Mohsen Fakhrizadeh, Iran’s most senior nuclear scientist, was assassinated on Friday near the capital Tehran. Iran’s Foreign Minister Mohammad Javad Zarif condemned the killing “as an act of state terror”.
Mr Fakhrizadeh’s car was reportedly hit by an explosion set off by a “suicide” assassin before being struck with bullets.
Several other people also died in the incident, according to state media.
In a statement, Iran’s armed forces said: “Unfortunately, the medical team did not succeed in reviving him, and a few minutes ago, this manager and scientist achieved the high status of martyrdom after years of effort and struggle.”
Mr Fakhrizadeh was a senior officer of the elite Islamic Revolutionary Guards Corps and one of the most renowned Iranian nuclear scientists.
Iran said it would “strike like thunder” on whoever carried out the attack.
A top Iranian military adviser, Hossein Dehghan, tweeted: “We will strike as thunder at the killers of this oppressed martyr and will make them regret their action”.
It comes amid continuing tensions in the Middle East between Iran and the US with its allies Israel and Saudi Arabia.
Western intelligence agencies reportedly believe Mr Fakhrizadeh was involved in a covert Iranian nuclear weapons programme.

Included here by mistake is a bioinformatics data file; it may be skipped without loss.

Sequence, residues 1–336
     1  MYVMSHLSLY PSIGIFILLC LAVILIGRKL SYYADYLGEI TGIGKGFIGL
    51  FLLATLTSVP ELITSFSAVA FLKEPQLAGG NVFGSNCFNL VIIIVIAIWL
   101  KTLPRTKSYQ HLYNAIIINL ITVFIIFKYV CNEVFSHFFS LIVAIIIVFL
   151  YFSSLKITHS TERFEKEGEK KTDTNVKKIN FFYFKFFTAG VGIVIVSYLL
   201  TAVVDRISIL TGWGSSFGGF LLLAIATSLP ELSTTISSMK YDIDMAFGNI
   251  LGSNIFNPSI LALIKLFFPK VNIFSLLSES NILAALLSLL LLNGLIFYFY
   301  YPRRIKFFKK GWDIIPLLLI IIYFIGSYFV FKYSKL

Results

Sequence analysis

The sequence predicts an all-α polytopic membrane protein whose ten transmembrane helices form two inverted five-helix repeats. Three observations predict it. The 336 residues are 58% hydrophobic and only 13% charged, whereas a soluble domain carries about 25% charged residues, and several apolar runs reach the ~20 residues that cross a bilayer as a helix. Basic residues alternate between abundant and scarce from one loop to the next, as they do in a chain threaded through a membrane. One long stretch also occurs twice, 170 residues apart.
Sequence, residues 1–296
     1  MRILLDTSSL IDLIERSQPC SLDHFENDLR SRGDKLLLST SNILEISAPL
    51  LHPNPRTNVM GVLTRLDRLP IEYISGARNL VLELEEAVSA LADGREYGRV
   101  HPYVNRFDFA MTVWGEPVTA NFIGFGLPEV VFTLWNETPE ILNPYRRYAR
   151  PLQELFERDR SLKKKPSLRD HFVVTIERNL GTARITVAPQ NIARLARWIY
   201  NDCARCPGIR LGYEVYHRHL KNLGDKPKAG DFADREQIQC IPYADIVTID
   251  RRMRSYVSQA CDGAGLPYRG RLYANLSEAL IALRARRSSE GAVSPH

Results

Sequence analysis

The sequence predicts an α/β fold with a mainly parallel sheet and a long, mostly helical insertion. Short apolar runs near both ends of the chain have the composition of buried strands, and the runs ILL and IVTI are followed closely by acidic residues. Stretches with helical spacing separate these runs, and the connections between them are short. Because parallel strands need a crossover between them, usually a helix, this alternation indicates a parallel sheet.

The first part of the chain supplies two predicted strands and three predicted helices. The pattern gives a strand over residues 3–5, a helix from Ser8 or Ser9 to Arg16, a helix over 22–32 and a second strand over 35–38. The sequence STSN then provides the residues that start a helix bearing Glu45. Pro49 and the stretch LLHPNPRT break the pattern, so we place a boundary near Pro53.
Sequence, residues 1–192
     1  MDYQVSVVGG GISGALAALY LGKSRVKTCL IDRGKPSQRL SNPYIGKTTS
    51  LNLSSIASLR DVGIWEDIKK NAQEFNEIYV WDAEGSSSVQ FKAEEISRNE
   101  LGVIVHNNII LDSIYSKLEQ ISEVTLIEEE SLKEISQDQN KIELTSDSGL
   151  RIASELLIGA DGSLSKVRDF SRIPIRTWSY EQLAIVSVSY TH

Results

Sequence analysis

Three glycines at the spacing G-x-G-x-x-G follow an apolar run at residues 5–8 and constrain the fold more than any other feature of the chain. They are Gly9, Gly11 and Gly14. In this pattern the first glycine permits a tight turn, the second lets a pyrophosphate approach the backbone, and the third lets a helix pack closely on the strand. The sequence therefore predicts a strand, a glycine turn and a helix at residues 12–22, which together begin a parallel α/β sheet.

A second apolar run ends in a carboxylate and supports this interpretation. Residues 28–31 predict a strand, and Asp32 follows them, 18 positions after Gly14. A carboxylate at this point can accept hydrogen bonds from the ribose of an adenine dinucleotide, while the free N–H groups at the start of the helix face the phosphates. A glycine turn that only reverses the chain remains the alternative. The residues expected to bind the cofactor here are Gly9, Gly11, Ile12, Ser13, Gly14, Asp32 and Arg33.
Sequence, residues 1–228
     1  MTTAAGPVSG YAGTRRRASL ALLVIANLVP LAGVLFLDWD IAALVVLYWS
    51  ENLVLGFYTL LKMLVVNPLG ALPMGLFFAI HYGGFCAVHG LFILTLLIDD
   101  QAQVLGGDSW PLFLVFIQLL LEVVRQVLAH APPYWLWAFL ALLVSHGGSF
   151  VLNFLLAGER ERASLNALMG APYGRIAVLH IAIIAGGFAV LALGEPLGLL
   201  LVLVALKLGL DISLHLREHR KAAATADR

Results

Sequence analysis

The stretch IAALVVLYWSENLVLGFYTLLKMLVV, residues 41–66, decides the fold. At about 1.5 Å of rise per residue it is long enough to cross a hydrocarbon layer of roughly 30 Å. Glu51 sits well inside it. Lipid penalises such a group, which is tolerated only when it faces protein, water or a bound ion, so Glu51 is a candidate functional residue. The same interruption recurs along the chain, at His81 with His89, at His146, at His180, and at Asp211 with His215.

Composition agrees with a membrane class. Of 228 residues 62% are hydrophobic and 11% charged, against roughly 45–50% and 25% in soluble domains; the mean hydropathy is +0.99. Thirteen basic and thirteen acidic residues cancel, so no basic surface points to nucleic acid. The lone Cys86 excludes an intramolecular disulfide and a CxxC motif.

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US President Donald Trump also appeared to acknowledge the assassination after he retweeted a New York Times article about Mr Fakhrizadeh’s death.
A spokesperson for the Israeli military told The Guardian: “We don’t comment on reports in the foreign media.”
No group is yet to claim responsibility for Mr Fakhrizadeh’s death.
But the assassination came just a few days after Israel’s Defence Forces had reportedly been told to prepare for a US military strike against Iran before Mr Trump leaves office.
President Trump has spoken about the possibility of a final Iran strike with senior security officials, according to the New York Times.
But the US president was believed to have been “talked out” of hitting the Islamic republic after officials warned him it could trigger a regional war.
US President-elect Joe Biden has pledged to re-engage with Iran when he takes office in January despite opposition from Israel.
A dramatic move in the Middle East by Mr Trump in the final weeks of his presidency could create geopolitical problems for Mr Biden.
The President-elect has already vowed to revive the 2015 Nuclear Deal which would be a reversal of Mr Trump’s “maximum pressure” policy.
The Israeli Defence Force have reportedly been on high alert in recent weeks in preparation for a possible US military strike.